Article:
Twenty-eight female guards were unfairly dismissed by a security company because the client‚ Metrora.
WAZULU-NATAL deputy speaker Mtholephi Mthimkhulu and other dignitaries shared President Jacob Zuma's joy and pride at the launching of the new King Shaka International Airport.
But before heading for the launch at the weekend, Mthimkhulu honoured one of South Africa's biggest public speaking and leadership training projects, the Anglo American and Sowetan Young Communicators Awards. It was held at the provincial legislature on Saturday.
The awards are open to students in Grades 11 and 12 in public high school who do not speak English as a first language. They seek to help youths to improve their English presentation and oral communication skills, develop their leadership potential, encourage them to embrace nation building, prepare them for the professional working environment and develop their assertiveness and confidence.
A key additional partner is the Department of Education (DoE).
Mthimkhulu said it was primarily through sound education, training and development that the most capable leaders could be nurtured.
"We expect you to come back here to the legislature as members, politicians and leaders, to formulate and implement life-changing and life-bettering laws, choices and decisions," he said.
"Serving the nation is a mammoth task. Such projects and competitions are helping train you to take the lead in life and to focus on your personal development."
Mthimkhulu said from among the contestants a future premier or president could emerge if the youths took their studies seriously.
Nick van Rensburg, managing director of Anglo Zimele, a subsidiary of Anglo American, said the competition was a suitable platform for the youth to express themselves while at the same time honing their communication skills.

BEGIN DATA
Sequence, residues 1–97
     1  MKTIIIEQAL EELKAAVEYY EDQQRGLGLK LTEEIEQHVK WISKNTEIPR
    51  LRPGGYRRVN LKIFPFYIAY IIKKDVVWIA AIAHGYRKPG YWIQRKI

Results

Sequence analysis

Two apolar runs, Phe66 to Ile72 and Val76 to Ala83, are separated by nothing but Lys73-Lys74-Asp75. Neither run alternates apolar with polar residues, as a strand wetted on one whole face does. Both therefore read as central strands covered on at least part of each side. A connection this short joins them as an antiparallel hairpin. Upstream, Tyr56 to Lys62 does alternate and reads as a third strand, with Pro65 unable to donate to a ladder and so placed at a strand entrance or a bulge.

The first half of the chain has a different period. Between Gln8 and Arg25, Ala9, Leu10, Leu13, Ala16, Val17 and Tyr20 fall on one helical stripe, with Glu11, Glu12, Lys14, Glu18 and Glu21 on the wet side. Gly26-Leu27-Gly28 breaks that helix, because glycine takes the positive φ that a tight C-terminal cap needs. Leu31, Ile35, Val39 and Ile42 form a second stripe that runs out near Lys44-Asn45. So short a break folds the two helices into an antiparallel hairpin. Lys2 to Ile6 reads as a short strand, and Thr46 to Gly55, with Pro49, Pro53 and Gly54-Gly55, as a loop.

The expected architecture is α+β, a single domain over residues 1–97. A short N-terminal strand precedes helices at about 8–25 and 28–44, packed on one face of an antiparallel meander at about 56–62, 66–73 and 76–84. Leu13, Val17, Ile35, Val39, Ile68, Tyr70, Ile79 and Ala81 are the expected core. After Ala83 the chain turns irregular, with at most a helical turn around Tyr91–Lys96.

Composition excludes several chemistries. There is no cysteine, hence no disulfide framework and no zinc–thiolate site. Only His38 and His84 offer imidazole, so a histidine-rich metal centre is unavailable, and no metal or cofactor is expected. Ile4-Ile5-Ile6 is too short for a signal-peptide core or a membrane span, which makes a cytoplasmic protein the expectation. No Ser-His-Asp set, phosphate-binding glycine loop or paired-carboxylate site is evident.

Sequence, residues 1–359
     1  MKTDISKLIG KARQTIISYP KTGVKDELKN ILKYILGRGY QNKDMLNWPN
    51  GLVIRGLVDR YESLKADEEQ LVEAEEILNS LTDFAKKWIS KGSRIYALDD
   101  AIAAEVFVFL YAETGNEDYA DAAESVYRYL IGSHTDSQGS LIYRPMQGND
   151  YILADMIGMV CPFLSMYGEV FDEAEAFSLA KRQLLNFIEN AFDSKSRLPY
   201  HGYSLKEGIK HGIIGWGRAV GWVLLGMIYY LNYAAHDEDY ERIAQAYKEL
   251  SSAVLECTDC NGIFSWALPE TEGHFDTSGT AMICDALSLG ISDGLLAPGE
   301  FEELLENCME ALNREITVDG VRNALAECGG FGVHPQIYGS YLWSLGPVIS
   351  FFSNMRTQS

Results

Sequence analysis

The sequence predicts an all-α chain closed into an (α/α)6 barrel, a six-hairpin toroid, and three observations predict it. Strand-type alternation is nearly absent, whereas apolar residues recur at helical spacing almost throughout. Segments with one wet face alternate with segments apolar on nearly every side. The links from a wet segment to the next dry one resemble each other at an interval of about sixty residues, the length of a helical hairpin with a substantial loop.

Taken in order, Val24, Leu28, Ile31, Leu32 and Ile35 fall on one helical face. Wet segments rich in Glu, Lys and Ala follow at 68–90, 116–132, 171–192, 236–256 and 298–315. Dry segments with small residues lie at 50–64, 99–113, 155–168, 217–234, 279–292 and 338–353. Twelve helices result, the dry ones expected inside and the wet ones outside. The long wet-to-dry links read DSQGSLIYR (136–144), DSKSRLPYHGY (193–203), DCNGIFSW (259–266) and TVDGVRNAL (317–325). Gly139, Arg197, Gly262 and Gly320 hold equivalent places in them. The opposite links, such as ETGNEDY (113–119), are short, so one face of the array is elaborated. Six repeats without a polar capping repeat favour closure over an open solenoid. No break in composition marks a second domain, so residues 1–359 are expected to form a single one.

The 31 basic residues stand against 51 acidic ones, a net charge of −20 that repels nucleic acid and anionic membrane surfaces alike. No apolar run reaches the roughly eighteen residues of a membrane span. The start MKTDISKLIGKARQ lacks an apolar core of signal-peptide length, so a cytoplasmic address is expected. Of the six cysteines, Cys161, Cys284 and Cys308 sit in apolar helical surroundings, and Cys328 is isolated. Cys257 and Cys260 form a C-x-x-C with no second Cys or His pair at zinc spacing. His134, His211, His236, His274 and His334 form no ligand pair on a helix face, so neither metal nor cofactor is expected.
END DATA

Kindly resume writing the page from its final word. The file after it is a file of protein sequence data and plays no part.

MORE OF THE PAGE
He was happy that Anglo American, Sowetan , the Aggrey Klaaste Nation Building Foundation and the DoE were continuing their long youth development partnership.
The contestants were Simphiwe Buthelezi, Skhumbuzo Dlamini, Bathandwa Gumede, Portia Hlubi, Busisiwe Madlala, Siyasanda Mncwabe, Ndumiso Mngomezulu, Tebogo Moloi, Ziphezinhle Simelane and Zinhle Zondi.
Mngomezulu topped, Hlubi was second and Buthelezi took third spot.
Mngomezulu will represent KwaZulu-Natal at the national finals in Johannesburg in August.
While most of the contestants chose serious topics for their prepared speeches, Buthelezi stepped off the beaten track by shouting a new healthy personal relationships slogan: It's not rocket science; Smile!
He said a smile was simply the beginning of peaceful relations between two people, a family, a diverse group, a community and even a whole nation because we are all human beings, after all.
Gumede also steered away from the serious sociopolitical stuff, when she handled the topic: Be thankful you are not a boy, while Mngomezulu was very brave when he challenged South Africa's homophobia, saying: Let's get it straight, gays and lesbians are human too.
Hlubi appealed to women to occupy their rightful place in society, through knowledge, qualifications and potential.
The rest might have chosen social, political and economic issues, but it in no way diminishes their potential as aspirant researchers, analysts and interpreters of their environment.